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Offline geza

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SpaceX need not follow the 'professional astronaut' model.  Individuals on Mars will need to be creative and innovative problem solvers and techies, since for much of the time, they won't have an army of Earth-based personnel choreographing their every move.  They have 7,000 employees who are proving quite adept at getting hardware built and launched... this is the pool from which they should select* their technical experts, 'crew' if you will.  There will be room for scientists like field geologists, analytical chemists, biologists (and for medical professionals) that they may lack in the workforce, so there will be some outside selection.

If they vertically integrate all the way up to the astros being sent, then they are training that cadre already.

* Another perk

That is a way of looking at it that I hadn’t considered.  It makes perfect sense that employees designing and building the physical systems are by default in training.  I like it.  Not being addressed today is training for the space environment in LEO and BEO.
Exactly. While I like the general idea of sending people, who developed the systems, I also argue for having e.g. 2 crew members with the 'professional astronaut' background. For instance, 'EVA prep.' is a human situation much more complex, than handling the suit hardware. You are supposed to control your nervousness caused by the danger, and work carefully and methodically, exactly because of the danger. I think I could learn the technical side easily - but would fail on the emotional side. The latter issue requires the huge training. Sure, they will not pilot the landing.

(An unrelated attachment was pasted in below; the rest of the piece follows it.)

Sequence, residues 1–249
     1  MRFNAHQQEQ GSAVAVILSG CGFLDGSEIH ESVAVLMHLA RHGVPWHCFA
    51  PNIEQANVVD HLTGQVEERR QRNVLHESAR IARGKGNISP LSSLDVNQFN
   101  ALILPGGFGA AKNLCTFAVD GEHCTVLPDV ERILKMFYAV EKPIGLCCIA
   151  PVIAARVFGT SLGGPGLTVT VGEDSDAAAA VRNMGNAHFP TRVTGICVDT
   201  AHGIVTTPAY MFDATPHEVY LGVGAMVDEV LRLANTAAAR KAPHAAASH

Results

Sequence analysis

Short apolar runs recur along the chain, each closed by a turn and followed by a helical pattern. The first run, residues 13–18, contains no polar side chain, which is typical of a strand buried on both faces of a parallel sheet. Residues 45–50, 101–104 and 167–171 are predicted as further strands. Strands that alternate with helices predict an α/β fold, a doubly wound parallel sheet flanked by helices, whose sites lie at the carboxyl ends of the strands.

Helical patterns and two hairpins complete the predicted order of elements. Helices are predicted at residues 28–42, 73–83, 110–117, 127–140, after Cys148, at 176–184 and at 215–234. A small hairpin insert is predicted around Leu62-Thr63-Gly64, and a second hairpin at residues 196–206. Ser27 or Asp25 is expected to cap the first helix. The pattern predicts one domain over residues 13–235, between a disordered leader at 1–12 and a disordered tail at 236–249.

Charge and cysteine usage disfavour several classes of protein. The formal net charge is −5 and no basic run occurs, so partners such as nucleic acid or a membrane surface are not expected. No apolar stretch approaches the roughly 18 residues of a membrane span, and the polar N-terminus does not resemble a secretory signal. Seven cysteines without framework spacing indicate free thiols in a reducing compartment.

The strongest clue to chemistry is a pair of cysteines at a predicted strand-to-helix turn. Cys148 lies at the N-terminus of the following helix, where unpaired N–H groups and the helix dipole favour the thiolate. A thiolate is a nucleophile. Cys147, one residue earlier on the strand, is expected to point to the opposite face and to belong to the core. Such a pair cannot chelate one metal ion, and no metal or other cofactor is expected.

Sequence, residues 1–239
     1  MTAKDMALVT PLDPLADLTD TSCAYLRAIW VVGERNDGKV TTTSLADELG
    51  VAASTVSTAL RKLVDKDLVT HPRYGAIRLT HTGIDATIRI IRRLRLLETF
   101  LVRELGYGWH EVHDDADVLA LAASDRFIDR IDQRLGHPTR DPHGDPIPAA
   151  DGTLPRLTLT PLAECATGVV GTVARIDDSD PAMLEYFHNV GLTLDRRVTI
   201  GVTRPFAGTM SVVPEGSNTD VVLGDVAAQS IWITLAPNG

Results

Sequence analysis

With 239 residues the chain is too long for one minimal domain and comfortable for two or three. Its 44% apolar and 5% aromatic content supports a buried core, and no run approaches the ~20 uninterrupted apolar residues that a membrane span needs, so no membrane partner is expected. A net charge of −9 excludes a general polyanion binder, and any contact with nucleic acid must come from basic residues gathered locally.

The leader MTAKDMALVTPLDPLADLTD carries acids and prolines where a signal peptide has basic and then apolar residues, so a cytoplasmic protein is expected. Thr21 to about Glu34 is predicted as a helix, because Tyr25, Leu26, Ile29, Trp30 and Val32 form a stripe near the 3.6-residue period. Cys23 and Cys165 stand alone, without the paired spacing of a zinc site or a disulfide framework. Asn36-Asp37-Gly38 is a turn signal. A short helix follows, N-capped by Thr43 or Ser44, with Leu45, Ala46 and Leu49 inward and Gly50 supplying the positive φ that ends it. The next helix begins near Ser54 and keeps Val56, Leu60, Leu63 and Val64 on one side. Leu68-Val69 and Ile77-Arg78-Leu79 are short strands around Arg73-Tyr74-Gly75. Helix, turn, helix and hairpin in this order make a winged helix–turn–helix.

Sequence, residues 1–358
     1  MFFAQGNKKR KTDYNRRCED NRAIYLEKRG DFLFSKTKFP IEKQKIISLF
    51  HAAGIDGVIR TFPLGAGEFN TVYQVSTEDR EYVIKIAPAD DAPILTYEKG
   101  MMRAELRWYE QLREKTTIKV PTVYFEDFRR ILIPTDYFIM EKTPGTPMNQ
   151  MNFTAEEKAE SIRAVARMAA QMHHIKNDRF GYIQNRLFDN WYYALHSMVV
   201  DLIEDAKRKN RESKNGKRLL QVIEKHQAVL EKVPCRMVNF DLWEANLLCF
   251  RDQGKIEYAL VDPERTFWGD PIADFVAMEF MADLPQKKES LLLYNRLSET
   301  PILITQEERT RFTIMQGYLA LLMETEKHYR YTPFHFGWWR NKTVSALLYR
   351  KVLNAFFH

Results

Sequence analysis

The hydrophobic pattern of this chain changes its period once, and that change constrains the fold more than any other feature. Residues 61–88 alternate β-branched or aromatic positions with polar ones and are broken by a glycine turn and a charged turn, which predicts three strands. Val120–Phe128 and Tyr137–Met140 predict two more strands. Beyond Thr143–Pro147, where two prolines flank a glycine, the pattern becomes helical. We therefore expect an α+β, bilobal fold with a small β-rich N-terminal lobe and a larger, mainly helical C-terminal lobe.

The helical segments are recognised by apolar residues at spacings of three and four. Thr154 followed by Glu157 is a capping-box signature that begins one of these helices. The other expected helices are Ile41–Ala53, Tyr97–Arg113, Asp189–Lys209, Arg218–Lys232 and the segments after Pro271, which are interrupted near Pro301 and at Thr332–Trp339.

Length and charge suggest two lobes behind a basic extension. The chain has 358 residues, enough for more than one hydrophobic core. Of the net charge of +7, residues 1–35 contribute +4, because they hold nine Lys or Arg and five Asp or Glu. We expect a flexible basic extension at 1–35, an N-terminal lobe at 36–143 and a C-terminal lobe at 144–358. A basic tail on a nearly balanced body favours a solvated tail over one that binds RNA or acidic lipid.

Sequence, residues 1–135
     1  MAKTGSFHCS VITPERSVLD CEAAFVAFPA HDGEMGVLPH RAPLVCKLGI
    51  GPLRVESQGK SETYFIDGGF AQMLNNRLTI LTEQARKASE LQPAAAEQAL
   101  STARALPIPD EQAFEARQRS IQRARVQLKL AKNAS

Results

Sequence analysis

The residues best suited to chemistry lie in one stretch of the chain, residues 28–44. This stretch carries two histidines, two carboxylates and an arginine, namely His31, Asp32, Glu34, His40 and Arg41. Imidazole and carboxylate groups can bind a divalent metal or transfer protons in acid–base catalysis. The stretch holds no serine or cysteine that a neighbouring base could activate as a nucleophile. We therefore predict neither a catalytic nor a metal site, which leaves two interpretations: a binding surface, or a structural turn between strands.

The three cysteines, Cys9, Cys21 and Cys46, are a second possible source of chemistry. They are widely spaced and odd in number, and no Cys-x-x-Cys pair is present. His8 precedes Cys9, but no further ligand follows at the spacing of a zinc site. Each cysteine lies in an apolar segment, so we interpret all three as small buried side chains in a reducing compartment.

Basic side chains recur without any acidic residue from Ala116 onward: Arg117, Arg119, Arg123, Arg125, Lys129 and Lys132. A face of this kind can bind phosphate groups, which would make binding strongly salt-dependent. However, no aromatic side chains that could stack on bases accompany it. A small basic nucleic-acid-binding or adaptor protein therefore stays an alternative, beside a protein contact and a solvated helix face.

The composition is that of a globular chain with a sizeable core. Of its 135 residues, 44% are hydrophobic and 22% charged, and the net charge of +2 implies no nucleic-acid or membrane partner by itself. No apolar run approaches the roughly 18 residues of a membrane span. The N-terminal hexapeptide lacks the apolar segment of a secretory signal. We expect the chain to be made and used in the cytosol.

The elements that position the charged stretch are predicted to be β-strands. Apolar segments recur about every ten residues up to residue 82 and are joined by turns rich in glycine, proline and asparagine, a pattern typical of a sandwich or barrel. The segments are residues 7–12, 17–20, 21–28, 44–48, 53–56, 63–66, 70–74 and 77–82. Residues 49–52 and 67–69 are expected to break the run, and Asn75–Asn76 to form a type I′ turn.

Offline Coastal Ron

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I think the Mars crews will need some flight experience in LEO, Cis-Lunar, and especially on the surface of the Moon.

The BFS will be capable of spins around local space, so that could be part of a "shakedown" cruise to get experience for everyone involved before leaving for Mars.

Not sure what staying on the surface of our Moon will provide, since it's half the gravity of Mars and the sunrise/sunset schedule is completely different.

Quote
That seems to be one of the best reasons to go back to the Moon, establish a settlement there (not just a few tin cans and 2 week stays)... a few months should be sufficient if there is ongoing settlement expansion work in progress.

If Musk sees value in it they will do that, but so far it only sounds like Musk will only go to our Moon if others are going there and need a ride.